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Finding Aliens: SETI, Talking Lions and Wittgenstein

“Nothing is so difficult as not deceiving oneself.”

– Ludwig Wittgenstein

US philosopher Thomas Nagel’s 1974 piece, “What is it like to be a bat?” still maintains a strong relevance in current discussions about mind. It remains the weapon of choice for those unsatisfied with various reductionist theories on the subject, including the notion of “scientism” – that human understanding remains the captain and commander of what occurs in the universe and what can be said about it. What counts, for Nagel, is the “subjective character of experience”.

The central point here is that the organism in question possesses that experience, what it is like, essentially, to be that living entity. The bat’s subjective experience, characterised by echolocation and the tactical use of high-frequency sounds, is beyond the human sense of experience.

As Nagel himself suggests, imagining such things as “webbing on one’s arms”, possessing poor vision, assessing receiving reflected high-frequency sounds signals for location and communication purposes, and spending “the day hanging upside down by one’s feet in an attic” only ever relays what “it would be like for me to behave as a bat behaves.” How then, can we know what it would it be like for a bat to be one, rather than an anthropomorphised bat, stacked with human imprints?

The question was hardly novel, and was one that had already done the philosophical rounds in different dress. Those familiar with Ludwig Wittgenstein’s withering logical analysis on communication would remember his fabled lion.

If a lion could speak, he stated unreservedly in his Philosophical Investigations, we would not understand him. He would have his own language games, with constructions specific to being a lion. Even if we could gather that the lion can talk, we are not necessarily capable of gathering what the generated meaning would be. There might be rudimentary hints: One roar might suggest a zebra, two a lame one, but delving deeply into concepts of ethics, aesthetics and humour would be quite something else. We would only think, like Nagel’s bats, that we really understood what it would be saying. Context is the perennially limiting break on inquiry.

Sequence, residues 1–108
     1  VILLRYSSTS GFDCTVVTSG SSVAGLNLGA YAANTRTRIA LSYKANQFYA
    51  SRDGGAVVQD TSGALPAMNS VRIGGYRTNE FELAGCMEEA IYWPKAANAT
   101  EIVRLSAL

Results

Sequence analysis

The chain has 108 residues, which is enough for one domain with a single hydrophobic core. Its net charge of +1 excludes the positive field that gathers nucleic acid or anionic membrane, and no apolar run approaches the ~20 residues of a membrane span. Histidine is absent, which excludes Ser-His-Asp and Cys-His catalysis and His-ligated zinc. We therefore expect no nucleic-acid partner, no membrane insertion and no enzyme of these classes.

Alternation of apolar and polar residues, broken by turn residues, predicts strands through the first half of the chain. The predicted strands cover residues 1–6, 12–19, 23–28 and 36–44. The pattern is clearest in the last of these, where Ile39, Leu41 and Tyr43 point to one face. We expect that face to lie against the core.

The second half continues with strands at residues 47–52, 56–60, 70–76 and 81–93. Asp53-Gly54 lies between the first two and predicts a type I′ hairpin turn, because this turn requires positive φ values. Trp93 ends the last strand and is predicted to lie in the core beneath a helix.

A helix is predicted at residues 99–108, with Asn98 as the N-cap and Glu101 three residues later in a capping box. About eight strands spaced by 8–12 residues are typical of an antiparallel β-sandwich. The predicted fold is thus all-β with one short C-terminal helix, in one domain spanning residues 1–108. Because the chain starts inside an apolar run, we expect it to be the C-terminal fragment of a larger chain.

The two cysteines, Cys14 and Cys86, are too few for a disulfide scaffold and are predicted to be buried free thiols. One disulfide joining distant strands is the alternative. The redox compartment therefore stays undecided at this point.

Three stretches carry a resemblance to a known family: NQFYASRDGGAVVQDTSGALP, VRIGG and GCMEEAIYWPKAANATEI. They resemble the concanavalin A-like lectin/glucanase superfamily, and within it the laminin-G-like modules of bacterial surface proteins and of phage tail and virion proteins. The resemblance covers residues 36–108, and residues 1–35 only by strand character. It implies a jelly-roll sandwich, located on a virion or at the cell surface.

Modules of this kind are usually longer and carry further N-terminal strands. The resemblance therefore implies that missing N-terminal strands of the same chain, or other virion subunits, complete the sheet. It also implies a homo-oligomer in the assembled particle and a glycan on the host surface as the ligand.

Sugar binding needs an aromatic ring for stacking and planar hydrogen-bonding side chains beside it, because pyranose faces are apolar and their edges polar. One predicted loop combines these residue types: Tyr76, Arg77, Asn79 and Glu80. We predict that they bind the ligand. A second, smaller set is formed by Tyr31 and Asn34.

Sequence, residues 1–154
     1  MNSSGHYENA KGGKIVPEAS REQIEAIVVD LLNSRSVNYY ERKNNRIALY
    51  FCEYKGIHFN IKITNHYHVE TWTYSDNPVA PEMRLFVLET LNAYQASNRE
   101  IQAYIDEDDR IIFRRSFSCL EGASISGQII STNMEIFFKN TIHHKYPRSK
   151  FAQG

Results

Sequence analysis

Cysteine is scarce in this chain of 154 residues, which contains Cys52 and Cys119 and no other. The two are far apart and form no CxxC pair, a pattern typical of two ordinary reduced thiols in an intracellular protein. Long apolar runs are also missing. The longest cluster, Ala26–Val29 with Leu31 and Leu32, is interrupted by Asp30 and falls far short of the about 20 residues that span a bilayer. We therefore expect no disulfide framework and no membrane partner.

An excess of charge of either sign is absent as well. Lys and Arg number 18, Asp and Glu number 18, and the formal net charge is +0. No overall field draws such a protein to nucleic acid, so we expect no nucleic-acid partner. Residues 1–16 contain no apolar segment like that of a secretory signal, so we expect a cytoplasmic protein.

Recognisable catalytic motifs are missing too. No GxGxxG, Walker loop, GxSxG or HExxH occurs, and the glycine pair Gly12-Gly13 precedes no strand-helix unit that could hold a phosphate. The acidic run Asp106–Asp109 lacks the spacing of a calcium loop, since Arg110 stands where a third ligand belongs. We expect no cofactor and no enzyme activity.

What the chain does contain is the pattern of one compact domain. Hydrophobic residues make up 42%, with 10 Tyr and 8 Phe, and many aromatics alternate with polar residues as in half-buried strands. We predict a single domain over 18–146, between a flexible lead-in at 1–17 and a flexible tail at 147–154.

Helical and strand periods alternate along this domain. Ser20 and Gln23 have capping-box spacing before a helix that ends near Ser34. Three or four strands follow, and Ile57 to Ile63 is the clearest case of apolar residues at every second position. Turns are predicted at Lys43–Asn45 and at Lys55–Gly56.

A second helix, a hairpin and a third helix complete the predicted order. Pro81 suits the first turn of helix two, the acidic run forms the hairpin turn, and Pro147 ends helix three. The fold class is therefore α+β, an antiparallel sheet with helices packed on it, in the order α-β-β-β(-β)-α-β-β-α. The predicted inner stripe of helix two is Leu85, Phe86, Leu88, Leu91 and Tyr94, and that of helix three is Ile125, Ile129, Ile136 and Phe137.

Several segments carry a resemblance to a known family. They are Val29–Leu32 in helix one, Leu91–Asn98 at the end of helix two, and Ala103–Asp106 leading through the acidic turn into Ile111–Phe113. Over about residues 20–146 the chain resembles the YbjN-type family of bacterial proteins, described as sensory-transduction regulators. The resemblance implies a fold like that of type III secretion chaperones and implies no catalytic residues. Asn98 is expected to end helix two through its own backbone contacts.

All of this suddenly comes into the forefront with the announcement of some $100 million to be footed by Russian venture capitalist Yuri Milner for the search for intelligent alien life through his Breakthrough Prize Foundation. Milner is famed for his financial stabs, notably on Facebook Inc. and Twitter Inc. But he wishes to add succour to an extraterrestrial project that will involve a team based at the University of California, Berkeley to gather more data from outer space in a single day than what was previously possible in a single year (Wall Street Journal, Jul 20).

Two radio telescopes will be utilised for the task: the Green Bank Telescope (100 metres) in West Virginia and the 64 metre Parkes Telescope in New South Wales, Australia.

To get a sense of scale, Geoff Marcy of the Search for Extraterrestrial Intelligence (SETI) suggests that the search “will be 100 times better than any previous search for intelligent life in the universe.” To date, signals from the outer rim have been meagre since 1960, when astronomer Frank Drake pointed his 30 metre radio telescope to the stars. In August 1977, the Big Ear telescope at Ohio State University netted what seemed to be an atypical radio signal from deep space. Nothing, as yet, has come of it.